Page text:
The fact that Grand Canyon University has backed off building a new campus in Tucson doesn't mean the Old Pueblo is becoming Detroit.

Yet the debate over Tucson's economic future is becoming anxious - and yes, leading to increasing comparisons with the Motor City.

The similarities are few, in my view. Yes, it's true that neither city's revenue is keeping up with demands for services, and both have alarming rates of poverty. And there are familiar signs in the way Tucson has handled the Grand Canyon University proposal.

"Opportunities tend to come to our plates, and we tend to overthink them, overanalyze them, or get derailed by a small minority," said Joe Higgins, a Tucson small-business owner and radio host who makes the Detroit comparison.

The problem isn't so much that critics decried the plan to sell El Rio Golf Course to the Christian university, but that local leaders - and the university itself - allowed themselves to be spooked by the friction.

Grand Canyon may still build in the Tucson area, but the quick cooling of the project has set off a soul-searching debate around town, involving Tucson Metro Chamber of Commerce CEO Mike Varney, City Councilman Steve Kozachik, west-side activist Miguel Ortega, City Councilwoman Regina Romero, civil-rights activist Cecilia Cruz-Baldenegro and local business attorney Si Schorr, among others.

The big question is whether we're doing enough to build a strong economic climate in Tucson or are dooming ourselves to a Detroit-like death spiral.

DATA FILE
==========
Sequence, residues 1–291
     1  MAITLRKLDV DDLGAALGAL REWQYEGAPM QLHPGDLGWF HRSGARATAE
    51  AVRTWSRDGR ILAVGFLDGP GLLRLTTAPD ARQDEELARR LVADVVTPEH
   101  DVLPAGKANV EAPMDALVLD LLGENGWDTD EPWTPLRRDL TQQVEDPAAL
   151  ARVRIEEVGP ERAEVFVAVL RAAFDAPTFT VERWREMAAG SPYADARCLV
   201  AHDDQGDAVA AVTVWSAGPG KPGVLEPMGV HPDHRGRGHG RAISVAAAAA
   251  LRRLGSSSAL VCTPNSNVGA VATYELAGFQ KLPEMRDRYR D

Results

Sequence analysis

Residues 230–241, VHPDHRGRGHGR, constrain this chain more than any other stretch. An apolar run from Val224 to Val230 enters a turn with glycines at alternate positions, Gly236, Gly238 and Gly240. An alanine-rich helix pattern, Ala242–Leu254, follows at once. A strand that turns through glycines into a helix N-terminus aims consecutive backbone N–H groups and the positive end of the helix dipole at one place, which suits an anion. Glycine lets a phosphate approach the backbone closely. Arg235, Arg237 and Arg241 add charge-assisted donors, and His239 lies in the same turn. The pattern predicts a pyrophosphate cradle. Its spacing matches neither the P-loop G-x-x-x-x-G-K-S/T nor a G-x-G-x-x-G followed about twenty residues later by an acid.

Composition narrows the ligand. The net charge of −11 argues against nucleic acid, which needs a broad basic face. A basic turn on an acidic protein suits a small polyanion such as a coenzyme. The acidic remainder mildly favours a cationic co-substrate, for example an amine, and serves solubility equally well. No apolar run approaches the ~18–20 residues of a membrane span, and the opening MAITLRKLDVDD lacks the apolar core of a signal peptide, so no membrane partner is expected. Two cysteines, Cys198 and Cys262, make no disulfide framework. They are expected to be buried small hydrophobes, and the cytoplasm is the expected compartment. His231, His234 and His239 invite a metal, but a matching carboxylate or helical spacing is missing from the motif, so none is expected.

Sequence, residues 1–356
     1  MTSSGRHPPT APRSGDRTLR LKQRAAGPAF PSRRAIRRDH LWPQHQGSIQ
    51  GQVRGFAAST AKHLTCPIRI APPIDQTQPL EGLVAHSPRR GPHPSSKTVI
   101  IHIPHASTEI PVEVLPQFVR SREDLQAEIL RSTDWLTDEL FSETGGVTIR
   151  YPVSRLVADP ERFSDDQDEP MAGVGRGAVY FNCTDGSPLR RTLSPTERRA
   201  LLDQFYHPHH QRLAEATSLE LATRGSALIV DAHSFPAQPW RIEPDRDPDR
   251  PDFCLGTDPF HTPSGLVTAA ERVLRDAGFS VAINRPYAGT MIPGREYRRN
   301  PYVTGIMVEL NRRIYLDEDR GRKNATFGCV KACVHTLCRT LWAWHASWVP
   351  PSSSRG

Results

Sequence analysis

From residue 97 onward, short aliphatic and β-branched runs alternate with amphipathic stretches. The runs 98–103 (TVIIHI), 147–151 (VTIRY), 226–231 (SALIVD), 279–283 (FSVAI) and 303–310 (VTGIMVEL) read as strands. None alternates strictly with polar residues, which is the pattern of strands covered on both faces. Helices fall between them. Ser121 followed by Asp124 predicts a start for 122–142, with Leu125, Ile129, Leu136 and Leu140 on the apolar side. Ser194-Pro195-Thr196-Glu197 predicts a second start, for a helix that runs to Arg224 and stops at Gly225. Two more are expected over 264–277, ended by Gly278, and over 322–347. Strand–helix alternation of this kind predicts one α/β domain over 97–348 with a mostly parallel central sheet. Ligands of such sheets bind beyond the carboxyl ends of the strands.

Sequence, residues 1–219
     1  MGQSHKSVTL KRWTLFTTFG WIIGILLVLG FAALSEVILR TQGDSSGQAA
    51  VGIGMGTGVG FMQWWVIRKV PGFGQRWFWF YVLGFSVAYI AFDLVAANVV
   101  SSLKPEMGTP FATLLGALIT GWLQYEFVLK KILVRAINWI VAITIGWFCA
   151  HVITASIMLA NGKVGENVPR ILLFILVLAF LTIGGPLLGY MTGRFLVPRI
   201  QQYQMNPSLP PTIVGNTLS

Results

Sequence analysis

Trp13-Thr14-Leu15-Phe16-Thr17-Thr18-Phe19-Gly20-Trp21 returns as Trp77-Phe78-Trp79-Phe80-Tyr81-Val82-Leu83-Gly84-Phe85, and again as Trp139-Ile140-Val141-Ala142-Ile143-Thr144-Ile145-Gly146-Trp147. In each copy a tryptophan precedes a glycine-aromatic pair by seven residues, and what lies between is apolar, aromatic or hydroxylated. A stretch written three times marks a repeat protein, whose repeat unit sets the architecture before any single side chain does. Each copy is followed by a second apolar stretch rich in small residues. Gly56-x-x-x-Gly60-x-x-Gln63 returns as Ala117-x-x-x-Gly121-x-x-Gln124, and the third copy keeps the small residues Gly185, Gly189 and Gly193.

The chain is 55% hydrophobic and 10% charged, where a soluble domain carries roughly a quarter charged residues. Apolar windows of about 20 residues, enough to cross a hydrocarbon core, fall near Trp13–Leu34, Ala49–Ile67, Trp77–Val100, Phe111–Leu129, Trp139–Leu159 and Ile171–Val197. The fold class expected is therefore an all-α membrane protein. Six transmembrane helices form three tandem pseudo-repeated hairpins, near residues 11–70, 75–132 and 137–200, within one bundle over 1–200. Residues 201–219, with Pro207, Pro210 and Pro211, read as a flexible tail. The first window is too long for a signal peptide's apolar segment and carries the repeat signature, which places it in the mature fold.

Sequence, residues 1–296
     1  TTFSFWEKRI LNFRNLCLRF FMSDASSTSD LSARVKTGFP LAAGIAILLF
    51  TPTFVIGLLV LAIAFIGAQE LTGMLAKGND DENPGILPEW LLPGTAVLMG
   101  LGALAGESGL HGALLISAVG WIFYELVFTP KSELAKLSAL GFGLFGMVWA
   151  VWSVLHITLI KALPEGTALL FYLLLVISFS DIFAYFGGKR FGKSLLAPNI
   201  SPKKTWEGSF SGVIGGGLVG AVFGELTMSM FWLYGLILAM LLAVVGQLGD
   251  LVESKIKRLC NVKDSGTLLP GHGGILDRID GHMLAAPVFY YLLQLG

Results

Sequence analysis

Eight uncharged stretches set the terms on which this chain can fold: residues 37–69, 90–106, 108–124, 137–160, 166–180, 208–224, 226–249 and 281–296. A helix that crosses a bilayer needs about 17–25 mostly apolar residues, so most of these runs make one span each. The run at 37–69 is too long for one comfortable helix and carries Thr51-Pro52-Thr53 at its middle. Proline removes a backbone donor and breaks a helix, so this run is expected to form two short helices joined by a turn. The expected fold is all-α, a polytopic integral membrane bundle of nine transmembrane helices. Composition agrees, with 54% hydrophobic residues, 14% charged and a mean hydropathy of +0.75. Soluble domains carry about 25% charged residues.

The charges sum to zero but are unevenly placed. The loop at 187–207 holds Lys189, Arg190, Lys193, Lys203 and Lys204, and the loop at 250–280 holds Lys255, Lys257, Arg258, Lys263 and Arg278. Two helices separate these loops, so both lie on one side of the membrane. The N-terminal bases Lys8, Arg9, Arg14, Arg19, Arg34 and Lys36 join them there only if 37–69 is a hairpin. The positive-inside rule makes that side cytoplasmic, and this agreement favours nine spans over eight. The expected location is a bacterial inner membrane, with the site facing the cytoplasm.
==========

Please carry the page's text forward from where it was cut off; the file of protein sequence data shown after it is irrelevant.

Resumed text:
Mayor Jonathan Rothschild and I talked about it at City Hall Friday, and he scoffed at the comparison.

"You tell me how this looks like Detroit," he said, gesturing to the desert city outside his 10th-floor office. "That is just silly."

On May 31, Rothschild attended a local presentation by economic-development author Mark Lautman, who argues the ability to retain and attract a qualified workforce will separate successful cities ("Winnerville") from failing ones ("Loserville") in the future.

"We're not badly positioned in some ways because we've got U of A and PCC. I think we need to do more with the Embry-Riddles of the world," he said, referring to Embry-Riddle Aeronautical University and other schools that focus on in-demand career fields.

Grand Canyon University may not be a specialized institution like Embry-Riddle, but it does focus on topics such as nursing and teaching that can lead directly to jobs.

Confidentiality needed

My colleague Darren DaRonco broke the news May 8 of Grand Canyon's interest in building a new campus at El Rio Golf Course.

In the controversy that ensued, one of the key citizen complaints was that the city was doing public business in private.

"Deception and lack of transparency by our city elected officials and public servants is all too common," Cruz-Baldenegro, chair of the El Rio Coalition II, wrote in a June 17 Star op-ed.

Certainly, the city did not have a leg to stand on by withholding economic-impact assessments of the proposed Grand Canyon campus, once the coalition filed a public-records request for them.

But the idea that a period of confidentiality signals a cover-up is wrong, and is the sort of complaint taken most seriously in the Loservilles of the future. Confidentiality agreements over site selection discussions are normal.